Growing up in a chaotic home environment full of uncertainty and insecurity made me crave structure in my daily life. The structure I craved was honestly a structure that I did not know I needed but deep down I desired it, if that makes sense. Still to this day, I get a thrill out of having structure and systems. Those who know me well know that while I struggle sometimes to stick to the structures I create, my love language is a well thought out and planned system. Like seriously, I find comfort, peace, and security knowing that A+B will get me C, and I can trust in this. Honestly, I know that I am not alone in finding true peace in the routine and what some may call mundane. When you grow up in an environment where you can’t control what happens next, that becomes mentally, emotionally, and physically exhaustings. 

When I began my teaching journey, one thing I made sure of was that I had a clear plan in place, routines present, and structured systems that created space for my students to be socially, emotionally, and academically successful. Well before I knew anything about Social-Emotional Learning, I knew there was value in modeling for my students awareness of self through acknowledging my need for structure, self management by daily planning, and personal responsibility for how I use my time and create a routine that will allow me to operate as my highest functional self. 

Not only did my students find peace and security in my semi-organizational skills, but this adult fighting childhood traumas also thrived in an environment where I finally feel like I am in control! 

I had students who desired to also feel this way.

And, I desired to pass this empowering feeling on to my students, especially those who came into my classroom from some of the most vulnerable and historically rob communities I’ve served. 

There is value, healing, and life transformation in creating structures in our classrooms and schools for our students. Creating structure can make a world of difference in students’ lives now and their futures.

As a teacher, we know that the classroom is a dynamic environment where everything can happen at once. One of the ways to bring a sense of order to this chaos is by establishing a daily structure for ourselves and our students. A daily structure can help us manage our time more effectively, reduce stress, and improve our well-being, while also creating a positive and productive learning environment for our students. If you struggle with creating structure or that’s just too restrictive for you, hear me out. Here are some of the ways a daily structure can benefit you and your students:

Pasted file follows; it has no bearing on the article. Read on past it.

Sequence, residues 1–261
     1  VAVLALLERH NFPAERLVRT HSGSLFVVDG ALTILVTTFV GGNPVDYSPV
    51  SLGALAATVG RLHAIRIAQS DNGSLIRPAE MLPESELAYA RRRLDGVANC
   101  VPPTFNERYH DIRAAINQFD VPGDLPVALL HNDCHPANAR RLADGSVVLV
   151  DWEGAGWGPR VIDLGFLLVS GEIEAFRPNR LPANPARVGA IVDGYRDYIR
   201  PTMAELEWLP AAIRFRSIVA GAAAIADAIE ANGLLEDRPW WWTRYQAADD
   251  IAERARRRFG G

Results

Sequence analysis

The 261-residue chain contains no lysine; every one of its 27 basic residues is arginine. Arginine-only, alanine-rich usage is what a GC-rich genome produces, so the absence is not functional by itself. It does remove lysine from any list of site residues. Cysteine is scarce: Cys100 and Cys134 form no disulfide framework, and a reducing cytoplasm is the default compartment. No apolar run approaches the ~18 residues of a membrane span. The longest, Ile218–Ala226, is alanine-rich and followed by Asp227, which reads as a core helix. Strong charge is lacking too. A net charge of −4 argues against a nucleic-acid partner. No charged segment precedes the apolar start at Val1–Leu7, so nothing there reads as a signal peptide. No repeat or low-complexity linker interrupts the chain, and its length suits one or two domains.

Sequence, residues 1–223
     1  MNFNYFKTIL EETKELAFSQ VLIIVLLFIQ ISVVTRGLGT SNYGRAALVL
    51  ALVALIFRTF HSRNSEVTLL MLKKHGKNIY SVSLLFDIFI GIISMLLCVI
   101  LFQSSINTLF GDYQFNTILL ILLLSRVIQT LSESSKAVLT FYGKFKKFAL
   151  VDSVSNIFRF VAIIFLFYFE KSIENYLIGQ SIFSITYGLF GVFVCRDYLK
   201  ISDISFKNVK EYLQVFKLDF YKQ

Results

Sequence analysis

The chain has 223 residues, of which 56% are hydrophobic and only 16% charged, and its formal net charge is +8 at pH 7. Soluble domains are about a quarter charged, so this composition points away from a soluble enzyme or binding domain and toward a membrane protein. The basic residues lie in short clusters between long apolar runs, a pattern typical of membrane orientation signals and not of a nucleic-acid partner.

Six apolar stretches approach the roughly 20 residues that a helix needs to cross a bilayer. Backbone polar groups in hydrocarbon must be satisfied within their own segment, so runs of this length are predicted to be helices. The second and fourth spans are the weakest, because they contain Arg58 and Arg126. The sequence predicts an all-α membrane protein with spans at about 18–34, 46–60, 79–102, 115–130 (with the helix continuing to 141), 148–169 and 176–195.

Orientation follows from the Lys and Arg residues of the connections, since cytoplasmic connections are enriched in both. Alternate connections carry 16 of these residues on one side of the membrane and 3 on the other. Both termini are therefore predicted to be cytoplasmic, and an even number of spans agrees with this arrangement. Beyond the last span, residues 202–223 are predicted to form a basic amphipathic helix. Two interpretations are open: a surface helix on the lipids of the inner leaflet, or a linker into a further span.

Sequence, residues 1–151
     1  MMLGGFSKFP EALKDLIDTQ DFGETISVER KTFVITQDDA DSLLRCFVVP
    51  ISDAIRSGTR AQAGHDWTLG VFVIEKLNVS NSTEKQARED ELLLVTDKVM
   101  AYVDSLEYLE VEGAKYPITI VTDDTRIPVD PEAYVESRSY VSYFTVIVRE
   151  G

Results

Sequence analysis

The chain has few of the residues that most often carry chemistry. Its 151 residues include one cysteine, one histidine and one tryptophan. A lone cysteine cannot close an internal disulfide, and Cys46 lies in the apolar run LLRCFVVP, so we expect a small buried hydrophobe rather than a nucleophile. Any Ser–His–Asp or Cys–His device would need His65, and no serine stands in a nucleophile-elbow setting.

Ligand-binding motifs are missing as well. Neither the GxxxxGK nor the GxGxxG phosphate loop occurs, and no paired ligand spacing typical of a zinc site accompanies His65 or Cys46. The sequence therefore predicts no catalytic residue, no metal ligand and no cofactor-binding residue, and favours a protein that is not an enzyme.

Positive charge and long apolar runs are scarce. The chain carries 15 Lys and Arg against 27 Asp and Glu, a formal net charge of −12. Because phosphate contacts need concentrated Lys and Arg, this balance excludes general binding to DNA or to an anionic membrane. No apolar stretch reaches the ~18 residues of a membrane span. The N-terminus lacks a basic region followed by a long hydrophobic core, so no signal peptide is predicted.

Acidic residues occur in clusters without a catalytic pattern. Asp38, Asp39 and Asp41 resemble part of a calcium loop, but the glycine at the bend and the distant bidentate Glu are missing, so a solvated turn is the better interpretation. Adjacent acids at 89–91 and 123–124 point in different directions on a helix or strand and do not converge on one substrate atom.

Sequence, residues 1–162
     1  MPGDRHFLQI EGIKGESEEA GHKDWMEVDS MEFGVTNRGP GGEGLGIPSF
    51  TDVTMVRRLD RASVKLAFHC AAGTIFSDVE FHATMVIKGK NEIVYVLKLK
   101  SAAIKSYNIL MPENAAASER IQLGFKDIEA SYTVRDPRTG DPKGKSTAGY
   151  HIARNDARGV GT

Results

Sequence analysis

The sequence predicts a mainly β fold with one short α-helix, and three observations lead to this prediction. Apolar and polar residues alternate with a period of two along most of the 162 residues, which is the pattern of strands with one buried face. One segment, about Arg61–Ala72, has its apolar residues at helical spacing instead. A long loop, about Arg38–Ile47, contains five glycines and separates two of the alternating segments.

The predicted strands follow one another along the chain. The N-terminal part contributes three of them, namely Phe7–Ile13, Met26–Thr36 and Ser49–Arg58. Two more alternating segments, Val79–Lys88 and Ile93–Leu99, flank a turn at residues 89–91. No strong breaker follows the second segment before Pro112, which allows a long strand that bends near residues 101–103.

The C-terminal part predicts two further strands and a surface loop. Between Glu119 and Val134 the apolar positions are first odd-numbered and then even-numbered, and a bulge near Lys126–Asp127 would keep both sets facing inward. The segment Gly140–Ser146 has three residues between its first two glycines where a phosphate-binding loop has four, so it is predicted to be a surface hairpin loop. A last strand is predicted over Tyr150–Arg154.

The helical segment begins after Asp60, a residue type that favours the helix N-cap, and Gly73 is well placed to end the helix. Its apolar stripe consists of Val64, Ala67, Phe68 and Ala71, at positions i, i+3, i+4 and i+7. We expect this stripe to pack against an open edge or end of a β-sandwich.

1. Establishing routines

Routines are an essential part of creating a daily structure. When you establish routines for yourself and your students, you create a sense of predictability and stability in the classroom. This can help reduce anxiety and stress for both you and your students. For example, you might start each day with a morning meeting where you go over the schedule and expectations for the day. You might also establish routines for transitions between activities or for how students should ask for help.

  1. Prioritizing self-care

Teachers are known for putting their students’ needs ahead of their own. However, prioritizing self-care is essential for maintaining your own wellness and being an effective teacher. When you create a daily structure that includes time for exercise, mindfulness, or other self-care activities, you are better able to manage stress and stay focused throughout the day. Students can also benefit from learning about self-care strategies and practicing them in the classroom.

  1. Maximizing productivity

Having a daily structure can help you maximize your productivity and make the most of your time in the classroom. By establishing a schedule for lesson planning, grading, and other tasks, you can avoid feeling overwhelmed and ensure that everything gets done in a timely manner. Students also benefit from a structured learning environment that includes clear expectations for assignments and deadlines.

  1. Encouraging student accountability

When you establish a daily structure, you also create a sense of accountability for your students. By setting clear expectations for behavior and work, you create a framework for students to follow. This can help them take ownership of their learning and feel more invested in their success. You might also establish routines for student self-reflection or goal-setting to encourage a growth mindset.

  1. Creating a positive classroom culture

A daily structure can also contribute to a positive classroom culture. By establishing routines and clear expectations, you create a sense of community and belonging in the classroom. Students are more likely to feel comfortable and engaged when they know what to expect and feel confident in their ability to meet expectations. This, in turn, can lead to better student achievement and a more enjoyable learning experience for everyone.

Overall, a daily structure can benefit both teachers and students by creating a sense of order, reducing stress, and improving productivity and well-being. By establishing routines, prioritizing self-care, maximizing productivity, encouraging student accountability, and creating a positive classroom culture, we can create a learning environment that promotes student achievement and teacher wellness.